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Topic: travel narratives

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Subject: travel narratives
Date Posted: 2/2/2017 10:49 AM ET
Member Since: 6/30/2008
Posts: 3,549
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I usually enjoy travel narratives. I like lots of actual travel experiences and people met along the way. I don't expecially like to just go to a country and talk about the country. I like movement and the experiences that result from that. I  just this morning noticed Paul Theroux's book Dark Star Safari is available. That is one I enjoyed. I think I have read about 9 or 10 of Theroux's travel books, but I know many people do not like his grumpy attitude in some of his books. I think his first book The Great Railway Bazaar has passed into classic status. One thing I appreciated about Theroux's early travel books was the fact he often mentioned other travel books related to areas where he was. That was helpful in finding more travel books to read.

Date Posted: 2/2/2017 8:04 PM ET
Member Since: 6/5/2011
Posts: 9,968
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I also like travelogue books.  My favorites will always be those by Bill Bryson with his wit, clever wordmanship, and local color and trivia.  My favorites of his: A Walk in the Woods, Notes From A Small Island and The Lost Continent.  

Here are two to consider, one for pure cleverness and the other for humor.

To the Bright Edge of the World by Eowyn Ivey which tells the story of an Army office, Lt Col Forrester, and his team as they explore the wild Alaskan interior in the 1880s while his wife, Sophie, left behind at Ft Vancouver, in Washington explores the new science of photography.  A well crafted story within a story based on the maps, photos, letters and journals of the officer and his wife, discovered and shared by an elderly relative 150 years later.  An amazingly well crafted story rich in historical detail and the entire journey is all made up.  The history is real, the characters and their trials, all made up but based on real events.  I had to repeatedly go online and see if this really was fiction because it is so well-crafted with it's personal accounts, maps and photos that are so historically accurate that you can't believe the skill it took to create this story.  So good.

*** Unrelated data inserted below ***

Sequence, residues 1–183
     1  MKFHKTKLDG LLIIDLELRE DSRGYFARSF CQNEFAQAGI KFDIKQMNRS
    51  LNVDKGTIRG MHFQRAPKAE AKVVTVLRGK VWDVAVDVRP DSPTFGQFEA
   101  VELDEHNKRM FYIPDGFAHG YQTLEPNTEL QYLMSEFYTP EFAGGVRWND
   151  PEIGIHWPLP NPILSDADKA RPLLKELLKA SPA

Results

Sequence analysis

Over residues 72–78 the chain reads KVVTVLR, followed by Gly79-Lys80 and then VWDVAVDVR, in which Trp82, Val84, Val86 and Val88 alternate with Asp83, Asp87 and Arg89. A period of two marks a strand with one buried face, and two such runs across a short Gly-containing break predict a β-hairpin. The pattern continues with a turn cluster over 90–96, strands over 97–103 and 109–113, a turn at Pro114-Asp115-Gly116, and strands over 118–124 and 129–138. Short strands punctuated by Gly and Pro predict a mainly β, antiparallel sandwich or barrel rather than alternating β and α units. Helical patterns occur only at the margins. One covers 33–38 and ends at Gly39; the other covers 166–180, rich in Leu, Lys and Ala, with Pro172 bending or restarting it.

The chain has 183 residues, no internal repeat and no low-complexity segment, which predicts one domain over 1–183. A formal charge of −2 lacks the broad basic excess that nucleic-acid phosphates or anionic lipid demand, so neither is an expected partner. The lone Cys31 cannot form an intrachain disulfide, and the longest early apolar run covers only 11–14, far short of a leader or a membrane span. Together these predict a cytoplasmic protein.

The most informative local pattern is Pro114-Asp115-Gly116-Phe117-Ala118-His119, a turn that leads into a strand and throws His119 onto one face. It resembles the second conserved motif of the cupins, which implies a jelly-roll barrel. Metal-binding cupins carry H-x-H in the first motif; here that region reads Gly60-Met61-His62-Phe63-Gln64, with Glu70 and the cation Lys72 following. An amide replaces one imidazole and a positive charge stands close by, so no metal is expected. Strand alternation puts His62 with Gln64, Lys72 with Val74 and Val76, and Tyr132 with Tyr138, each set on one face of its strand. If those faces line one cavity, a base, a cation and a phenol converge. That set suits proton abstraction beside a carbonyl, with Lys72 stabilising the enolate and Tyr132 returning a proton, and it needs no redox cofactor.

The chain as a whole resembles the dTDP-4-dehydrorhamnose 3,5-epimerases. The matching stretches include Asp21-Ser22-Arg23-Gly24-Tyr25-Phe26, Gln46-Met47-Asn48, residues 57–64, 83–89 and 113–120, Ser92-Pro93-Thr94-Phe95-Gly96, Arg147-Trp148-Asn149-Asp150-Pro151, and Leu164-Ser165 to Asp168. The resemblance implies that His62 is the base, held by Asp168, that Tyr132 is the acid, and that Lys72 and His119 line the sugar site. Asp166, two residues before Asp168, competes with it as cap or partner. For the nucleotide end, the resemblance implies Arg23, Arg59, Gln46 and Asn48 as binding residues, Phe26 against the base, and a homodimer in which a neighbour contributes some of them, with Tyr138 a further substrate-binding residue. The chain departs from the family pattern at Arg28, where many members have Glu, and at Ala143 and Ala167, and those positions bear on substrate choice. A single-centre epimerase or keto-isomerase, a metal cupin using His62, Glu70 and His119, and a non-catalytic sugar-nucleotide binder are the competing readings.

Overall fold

The Great Typo Hunt: Two Friends Changing the World, One Correction at a Time  This is a humorous story of two guys who travel around the country on a mission to correct typos on signs and advertisements along the way until they, oops, go one correction too far.  

Date Posted: 2/2/2017 9:05 PM ET
Member Since: 6/30/2008
Posts: 3,549
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I have read A Walk in the Woods. lots of fun. I think I have read only one other book by Bryson. I think it was The Mother Tongue. Interesting stuff about language usage and idiosyncratic aspects of American usage. One thing that stuck with me from that book was the post office's efforts to get all towns in the US  that ended with borough in their name to change the spelling to boro. Quite a few did change but a lot did not.

A sentimental favorite travel book of mine is By the Ionian Sea by George Gissing. There is a Gissing society that has made this book a sort of cult following. Members have gone to southern Italy and followed Gissing's trail. The original trip by Gissing was done in 1901. Gissing's best known novel is The New Grub Street. very autobiographical.